Actually, Ashley and Mary Beth have yet to launch themselves into solvency. Their prospects seem bleak. So while they wait for the world to discover them and deliver them from a ramen-based existence, they placate themselves with a hare-brained scheme to make money but one that threatens to land them in huge trouble with the authorities.
So where is Clayton, Liz's husband? He seems more distracted than usual. Ashley desperately needs her father's love and attention but what kind of a parent can he be to Ashley with one foot in Manhattan and the other one planted in indiscretion? And Liz, who's an expert in the field of troubled domestic life, refuses to acknowledge Ashley's precarious situation. Who's in charge of this family? The wake-up call is about to arrive.
The Lowcountry has endured its share of war and bloodshed like the rest of the South, but this storm season we watch Maisie, Liz, Ashley, and Mary Beth deal with challenges that demand they face the truth about themselves. After a terrible confrontation they are forced to rise to forgiveness, but can they establish a new order for the future of them all?
Frank, with her hallmark scintillating wit and crisp insight, captures how a complex family of disparate characters and their close friends can overcome anything through the power of love and reconciliation. This is the often hilarious, sometimes sobering, but always entertaining story of how these unforgettable women became The Hurricane Sisters.
In Frank's fourteenth South Carolina novel (Porch Lights, 2012), prominent, conservative Charlestonians Liz and Clayton Waters are none too happy with their family. Never mind the constant antics of Liz's octogenarian mother, Maisie, and her boy-toy, live-in companion, Skipper. Their exuberant daughter, Ashley, refuses to pursue either a meaningful career or a potential husband, harboring instead dreams of being a celebrated artist. Meanwhile, their son, Ivy (for Clayton Waters IV), is a hip, San Francisco men's clothier, along with James, his Asian business- and life-partner. 'Nuff said. Each hypercritical parent manages to cope in his or her own way: Liz, by running a battered-women's shelter; Clayton, by running off to Manhattan and having an illicit affair. But when Skipper suffers a stroke and Ashley is brutally attacked by a seemingly merely smarmy state senator, Liz and Clayton rally to their sides and rediscover the strength and solace only a strong family can provide. Hidden beneath Frank's trademark buoyant and breezy Low Country patois is a passionate exposé of South Carolina's alarming problem with domestic abuse. Copyright 2014 Booklist Reviews.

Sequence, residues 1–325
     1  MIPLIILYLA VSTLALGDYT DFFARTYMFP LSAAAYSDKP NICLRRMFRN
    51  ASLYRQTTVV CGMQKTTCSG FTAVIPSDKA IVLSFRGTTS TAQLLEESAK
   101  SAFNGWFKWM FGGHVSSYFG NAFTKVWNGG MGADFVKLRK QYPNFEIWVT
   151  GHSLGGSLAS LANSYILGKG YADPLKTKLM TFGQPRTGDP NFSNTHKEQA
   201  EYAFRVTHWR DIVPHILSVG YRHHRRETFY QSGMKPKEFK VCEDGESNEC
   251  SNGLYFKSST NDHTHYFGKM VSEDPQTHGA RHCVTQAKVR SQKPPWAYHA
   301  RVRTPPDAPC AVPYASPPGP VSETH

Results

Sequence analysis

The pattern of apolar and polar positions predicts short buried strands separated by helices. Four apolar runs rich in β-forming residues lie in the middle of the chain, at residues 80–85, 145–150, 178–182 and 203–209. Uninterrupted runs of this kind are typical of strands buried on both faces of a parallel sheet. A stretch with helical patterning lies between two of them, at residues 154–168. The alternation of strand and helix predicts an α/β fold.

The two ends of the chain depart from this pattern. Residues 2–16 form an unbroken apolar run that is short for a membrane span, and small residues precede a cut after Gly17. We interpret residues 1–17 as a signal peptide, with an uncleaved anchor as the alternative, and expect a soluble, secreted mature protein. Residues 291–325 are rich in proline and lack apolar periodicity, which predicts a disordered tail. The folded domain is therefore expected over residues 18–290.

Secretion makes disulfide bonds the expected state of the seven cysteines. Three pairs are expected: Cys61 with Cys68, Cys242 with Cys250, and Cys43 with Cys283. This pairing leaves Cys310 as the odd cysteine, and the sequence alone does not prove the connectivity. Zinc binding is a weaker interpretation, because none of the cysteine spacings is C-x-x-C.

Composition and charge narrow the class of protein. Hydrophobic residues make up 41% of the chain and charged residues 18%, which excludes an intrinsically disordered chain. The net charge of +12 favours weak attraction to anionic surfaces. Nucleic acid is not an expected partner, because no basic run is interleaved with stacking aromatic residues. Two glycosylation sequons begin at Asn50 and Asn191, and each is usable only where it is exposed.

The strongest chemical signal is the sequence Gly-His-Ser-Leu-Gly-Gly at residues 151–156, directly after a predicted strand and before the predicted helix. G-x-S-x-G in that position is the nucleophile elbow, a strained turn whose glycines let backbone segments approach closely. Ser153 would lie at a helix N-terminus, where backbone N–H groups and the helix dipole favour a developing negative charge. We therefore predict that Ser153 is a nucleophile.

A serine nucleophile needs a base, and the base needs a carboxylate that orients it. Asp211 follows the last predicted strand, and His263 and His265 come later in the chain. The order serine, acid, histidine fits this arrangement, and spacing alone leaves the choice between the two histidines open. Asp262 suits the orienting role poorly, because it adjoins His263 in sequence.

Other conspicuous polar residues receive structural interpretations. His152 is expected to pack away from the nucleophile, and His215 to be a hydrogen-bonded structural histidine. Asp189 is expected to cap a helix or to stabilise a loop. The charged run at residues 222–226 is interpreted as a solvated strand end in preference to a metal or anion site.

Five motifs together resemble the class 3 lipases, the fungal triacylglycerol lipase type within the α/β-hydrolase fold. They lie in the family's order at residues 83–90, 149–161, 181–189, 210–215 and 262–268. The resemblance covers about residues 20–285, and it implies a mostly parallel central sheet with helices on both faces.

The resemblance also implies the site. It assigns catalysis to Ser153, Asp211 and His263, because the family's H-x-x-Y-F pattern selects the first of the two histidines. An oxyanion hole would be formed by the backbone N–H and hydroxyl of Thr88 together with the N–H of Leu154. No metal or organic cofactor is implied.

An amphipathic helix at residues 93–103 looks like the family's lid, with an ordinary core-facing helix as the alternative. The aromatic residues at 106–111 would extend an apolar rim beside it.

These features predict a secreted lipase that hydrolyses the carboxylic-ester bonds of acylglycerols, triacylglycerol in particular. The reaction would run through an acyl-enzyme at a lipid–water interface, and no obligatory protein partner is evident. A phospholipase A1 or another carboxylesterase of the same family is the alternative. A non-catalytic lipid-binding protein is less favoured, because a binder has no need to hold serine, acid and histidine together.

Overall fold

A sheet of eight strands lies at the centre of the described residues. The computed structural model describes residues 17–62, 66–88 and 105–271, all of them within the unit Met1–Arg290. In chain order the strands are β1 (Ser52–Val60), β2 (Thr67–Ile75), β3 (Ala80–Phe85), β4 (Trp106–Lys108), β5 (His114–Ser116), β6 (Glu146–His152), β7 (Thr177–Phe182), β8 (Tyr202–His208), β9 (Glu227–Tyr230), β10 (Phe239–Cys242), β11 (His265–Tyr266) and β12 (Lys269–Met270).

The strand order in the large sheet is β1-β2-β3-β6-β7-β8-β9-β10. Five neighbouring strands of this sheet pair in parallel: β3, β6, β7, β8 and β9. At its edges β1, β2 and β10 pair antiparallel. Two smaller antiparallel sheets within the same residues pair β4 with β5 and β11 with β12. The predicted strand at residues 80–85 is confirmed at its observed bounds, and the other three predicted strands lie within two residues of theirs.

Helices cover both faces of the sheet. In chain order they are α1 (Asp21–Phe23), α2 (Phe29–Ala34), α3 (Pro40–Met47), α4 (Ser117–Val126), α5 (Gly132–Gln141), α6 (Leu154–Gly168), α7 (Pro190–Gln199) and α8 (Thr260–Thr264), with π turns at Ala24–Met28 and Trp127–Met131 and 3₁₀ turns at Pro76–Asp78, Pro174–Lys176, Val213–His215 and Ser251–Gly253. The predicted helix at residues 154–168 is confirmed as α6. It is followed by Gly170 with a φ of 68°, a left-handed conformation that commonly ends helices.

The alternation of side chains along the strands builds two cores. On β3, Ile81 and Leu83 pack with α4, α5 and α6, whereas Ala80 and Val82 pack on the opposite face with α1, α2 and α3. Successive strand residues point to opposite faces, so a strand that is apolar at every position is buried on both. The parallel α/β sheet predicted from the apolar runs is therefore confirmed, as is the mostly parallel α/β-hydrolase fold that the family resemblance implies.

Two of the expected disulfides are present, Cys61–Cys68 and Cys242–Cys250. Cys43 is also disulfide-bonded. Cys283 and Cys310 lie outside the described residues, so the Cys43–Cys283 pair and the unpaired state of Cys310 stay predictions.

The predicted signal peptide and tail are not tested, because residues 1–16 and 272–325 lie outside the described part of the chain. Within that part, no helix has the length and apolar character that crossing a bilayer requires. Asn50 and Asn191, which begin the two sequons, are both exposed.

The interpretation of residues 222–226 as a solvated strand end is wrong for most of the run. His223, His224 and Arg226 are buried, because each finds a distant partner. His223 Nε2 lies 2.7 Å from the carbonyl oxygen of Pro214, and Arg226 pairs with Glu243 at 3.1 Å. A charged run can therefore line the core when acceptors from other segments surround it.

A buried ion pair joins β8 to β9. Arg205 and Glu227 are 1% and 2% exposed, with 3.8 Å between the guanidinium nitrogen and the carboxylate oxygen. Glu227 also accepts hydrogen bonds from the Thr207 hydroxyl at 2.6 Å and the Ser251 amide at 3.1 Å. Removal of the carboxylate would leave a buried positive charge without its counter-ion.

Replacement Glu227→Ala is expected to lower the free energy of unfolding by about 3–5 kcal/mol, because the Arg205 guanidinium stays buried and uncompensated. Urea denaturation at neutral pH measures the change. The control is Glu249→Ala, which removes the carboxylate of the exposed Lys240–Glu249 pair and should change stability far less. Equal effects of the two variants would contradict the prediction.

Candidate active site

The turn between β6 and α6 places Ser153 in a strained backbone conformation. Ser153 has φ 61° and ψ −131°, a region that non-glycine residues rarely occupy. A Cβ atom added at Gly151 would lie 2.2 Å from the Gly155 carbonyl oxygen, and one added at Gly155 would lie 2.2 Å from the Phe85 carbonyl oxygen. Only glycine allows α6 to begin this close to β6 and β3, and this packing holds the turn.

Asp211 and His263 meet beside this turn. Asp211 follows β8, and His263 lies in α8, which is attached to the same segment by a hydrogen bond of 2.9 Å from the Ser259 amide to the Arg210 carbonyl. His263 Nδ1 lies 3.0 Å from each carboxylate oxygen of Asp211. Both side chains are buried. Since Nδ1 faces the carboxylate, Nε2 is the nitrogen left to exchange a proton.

Library Journal Reviews
Take a trip down to the Carolina Low Country in Frank's (Sullivan's Island) latest novel, featuring three generations of women and their experiences with love, trust, and the unbreakable bond of family. Ashley is in her mid-20s, struggling to explore her passion as an artist while remaining afloat financially through an illegal business venture. Her mother, Liz, is so busy helping abused women and children that she cannot face the reality that her marriage is crumbling and her son is gay. Grandma Maisie, a spit-and-vinegar octogenarian, moves in with a younger man and sets the family's world on fire with her hard-earned wisdom and wit. But when Ashley gets involved with an aggressive politician, the family must ditch the drama and rally to keep her safe. VERDICT With a host of subplots and constant foreshadowing, this multigenerational title falls somewhat short. While it would serve as a quick summer read and does include valuable information about domestic violence, the rotating point-of-view narrative style results in a lack of depth and leaves the reader wanting more. [See Prepub Alert, 1/6/14.]—Chelsie Harris, San Diego Cty. Lib.